“Relatability is the essence of storytelling.”

Khushboo Sangwan

different POVs from different characters

The Magic of Different Perspectives

Switching perspectives can do wonders for your story. Imagine you’re writing a mystery. Instead of just following the detective, dive into the mind of the suspect. Why do they act the way they do? What drives them?

In *Never Have I Ever*, the narrative shifts between characters like Devi and her friends, providing a multifaceted view of events. This not only builds suspense but also gives each character depth and a unique voice.

Yes, you have a main character, but other characters shouldn’t just exist for the plot. They have their own motivations and aspirations. Even subtle changes can add depth. For example, a school bully might be insecure due to past bullying. A shopkeeper might have dreamt of being a singer and still has a guitar hidden under the counter. These details make characters real and relatable.

Remember the show Hannah Montana? You don’t just remember Miley, right? Lilly and Oliver had their own dreams and challenges, making the story more engaging. That’s what you should aim for.

klaus mikaelson

The Importance of a Well-Rounded Antagonist

A story is only as strong as its antagonist. A well-rounded villain can make your story compelling and realistic. Think of Klaus Mikaelson from The Originals. He’s not just evil for the sake of being evil; he has a twisted but understandable motivation, which makes him a more engaging and formidable opponent.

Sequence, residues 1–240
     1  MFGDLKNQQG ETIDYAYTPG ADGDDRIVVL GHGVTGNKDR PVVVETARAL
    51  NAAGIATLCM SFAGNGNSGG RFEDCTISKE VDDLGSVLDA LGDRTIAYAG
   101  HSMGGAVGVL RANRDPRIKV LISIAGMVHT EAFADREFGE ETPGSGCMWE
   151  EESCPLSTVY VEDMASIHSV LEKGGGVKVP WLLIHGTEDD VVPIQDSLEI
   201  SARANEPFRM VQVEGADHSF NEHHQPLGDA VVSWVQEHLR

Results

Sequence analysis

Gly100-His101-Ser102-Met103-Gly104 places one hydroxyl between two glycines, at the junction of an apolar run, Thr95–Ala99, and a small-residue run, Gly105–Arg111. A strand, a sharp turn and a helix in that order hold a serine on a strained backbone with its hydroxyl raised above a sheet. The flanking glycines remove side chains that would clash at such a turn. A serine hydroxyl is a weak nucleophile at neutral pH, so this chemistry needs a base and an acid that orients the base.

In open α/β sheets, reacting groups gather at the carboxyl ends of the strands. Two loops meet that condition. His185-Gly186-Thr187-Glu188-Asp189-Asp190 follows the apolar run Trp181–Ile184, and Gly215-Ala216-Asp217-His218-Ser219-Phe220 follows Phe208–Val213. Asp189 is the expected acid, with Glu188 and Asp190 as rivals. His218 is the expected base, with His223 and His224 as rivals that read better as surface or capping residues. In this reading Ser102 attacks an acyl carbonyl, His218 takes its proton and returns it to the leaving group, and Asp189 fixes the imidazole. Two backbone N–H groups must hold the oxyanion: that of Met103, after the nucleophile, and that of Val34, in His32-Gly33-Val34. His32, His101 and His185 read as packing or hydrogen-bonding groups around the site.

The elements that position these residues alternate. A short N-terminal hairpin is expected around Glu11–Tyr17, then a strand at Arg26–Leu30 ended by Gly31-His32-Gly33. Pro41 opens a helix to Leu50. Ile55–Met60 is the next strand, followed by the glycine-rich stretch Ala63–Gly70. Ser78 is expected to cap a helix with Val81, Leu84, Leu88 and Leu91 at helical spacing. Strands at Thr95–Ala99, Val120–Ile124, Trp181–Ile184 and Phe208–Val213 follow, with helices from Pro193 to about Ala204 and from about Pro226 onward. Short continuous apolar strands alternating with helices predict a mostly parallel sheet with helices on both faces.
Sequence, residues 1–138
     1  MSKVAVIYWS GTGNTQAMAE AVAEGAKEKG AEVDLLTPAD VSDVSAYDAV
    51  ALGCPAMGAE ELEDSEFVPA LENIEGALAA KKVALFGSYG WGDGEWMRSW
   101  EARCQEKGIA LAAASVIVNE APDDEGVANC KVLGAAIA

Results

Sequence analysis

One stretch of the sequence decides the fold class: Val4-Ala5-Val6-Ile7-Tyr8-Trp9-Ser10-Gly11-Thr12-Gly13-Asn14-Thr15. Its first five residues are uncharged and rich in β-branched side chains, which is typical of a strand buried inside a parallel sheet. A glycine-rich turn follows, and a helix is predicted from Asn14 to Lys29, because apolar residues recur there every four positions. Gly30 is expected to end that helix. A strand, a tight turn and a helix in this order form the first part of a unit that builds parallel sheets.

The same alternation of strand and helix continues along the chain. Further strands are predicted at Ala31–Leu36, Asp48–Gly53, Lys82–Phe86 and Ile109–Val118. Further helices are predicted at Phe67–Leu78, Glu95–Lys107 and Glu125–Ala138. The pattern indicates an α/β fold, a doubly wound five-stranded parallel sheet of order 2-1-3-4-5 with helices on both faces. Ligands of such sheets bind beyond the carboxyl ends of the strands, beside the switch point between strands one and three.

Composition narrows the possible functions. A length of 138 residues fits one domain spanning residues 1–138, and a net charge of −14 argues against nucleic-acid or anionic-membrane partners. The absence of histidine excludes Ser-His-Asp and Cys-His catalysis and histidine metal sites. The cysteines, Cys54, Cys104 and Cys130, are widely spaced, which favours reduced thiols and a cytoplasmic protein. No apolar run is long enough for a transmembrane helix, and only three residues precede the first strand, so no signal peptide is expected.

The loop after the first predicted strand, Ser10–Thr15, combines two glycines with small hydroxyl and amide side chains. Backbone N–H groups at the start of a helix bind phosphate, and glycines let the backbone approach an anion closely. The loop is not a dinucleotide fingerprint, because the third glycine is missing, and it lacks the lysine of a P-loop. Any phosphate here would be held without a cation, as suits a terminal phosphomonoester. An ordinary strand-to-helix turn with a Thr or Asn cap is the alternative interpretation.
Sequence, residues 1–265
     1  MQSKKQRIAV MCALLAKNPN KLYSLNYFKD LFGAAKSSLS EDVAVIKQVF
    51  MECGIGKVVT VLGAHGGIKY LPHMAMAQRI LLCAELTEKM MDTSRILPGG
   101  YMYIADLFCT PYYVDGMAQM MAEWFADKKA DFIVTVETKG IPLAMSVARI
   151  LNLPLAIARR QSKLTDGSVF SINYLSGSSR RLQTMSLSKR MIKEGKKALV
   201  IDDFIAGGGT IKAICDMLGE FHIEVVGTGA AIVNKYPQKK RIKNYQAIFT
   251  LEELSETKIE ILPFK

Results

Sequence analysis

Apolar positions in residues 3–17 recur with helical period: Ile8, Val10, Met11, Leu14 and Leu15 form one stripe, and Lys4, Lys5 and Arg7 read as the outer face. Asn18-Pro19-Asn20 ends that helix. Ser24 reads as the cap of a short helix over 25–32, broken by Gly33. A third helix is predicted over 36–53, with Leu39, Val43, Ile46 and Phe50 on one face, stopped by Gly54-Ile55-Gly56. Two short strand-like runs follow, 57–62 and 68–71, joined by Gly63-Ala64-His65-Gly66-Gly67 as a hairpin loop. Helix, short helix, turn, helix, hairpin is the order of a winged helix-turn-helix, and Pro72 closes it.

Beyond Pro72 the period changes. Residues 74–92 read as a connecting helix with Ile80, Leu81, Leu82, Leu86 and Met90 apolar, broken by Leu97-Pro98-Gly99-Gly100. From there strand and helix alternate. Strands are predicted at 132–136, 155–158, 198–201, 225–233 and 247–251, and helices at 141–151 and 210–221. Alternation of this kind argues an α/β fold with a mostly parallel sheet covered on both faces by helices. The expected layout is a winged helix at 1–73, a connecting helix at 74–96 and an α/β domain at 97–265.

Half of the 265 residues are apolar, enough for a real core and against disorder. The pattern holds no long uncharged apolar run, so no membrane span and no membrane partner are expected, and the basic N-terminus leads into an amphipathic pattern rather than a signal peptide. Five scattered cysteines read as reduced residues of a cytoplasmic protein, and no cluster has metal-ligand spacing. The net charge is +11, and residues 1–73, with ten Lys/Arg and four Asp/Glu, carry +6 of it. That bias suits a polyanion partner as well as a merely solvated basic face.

Villains are often shaped by their past experiences. To create a compelling antagonist, delve into their backstory. Why do they oppose the protagonist? What are their fears and desires? This approach can transform a one-dimensional villain into a memorable character.

Tip: Villains aren’t born; they’re created. To make your story more interesting, step into the mind of your villain. Understand their motivations and perspective. Just like in real life, everyone has reasons for their actions. Your villain believes they are doing the right thing, driven by their own experiences and mindset.

focusing on the other characters for a better story

Balancing Your Narrative

Focusing too much on the protagonist can lead to a lopsided story. If your main character hogs the spotlight, other characters might come off as flat and unimportant. This can disengage your readers.

Look at *Wizards of Waverly Place*. Characters like Alex Russo’s siblings, Justin and Max, have their own stories and development arcs, which complement Alex’s journey and enrich the overall narrative. Their personal growth and challenges make the story more dynamic and relatable.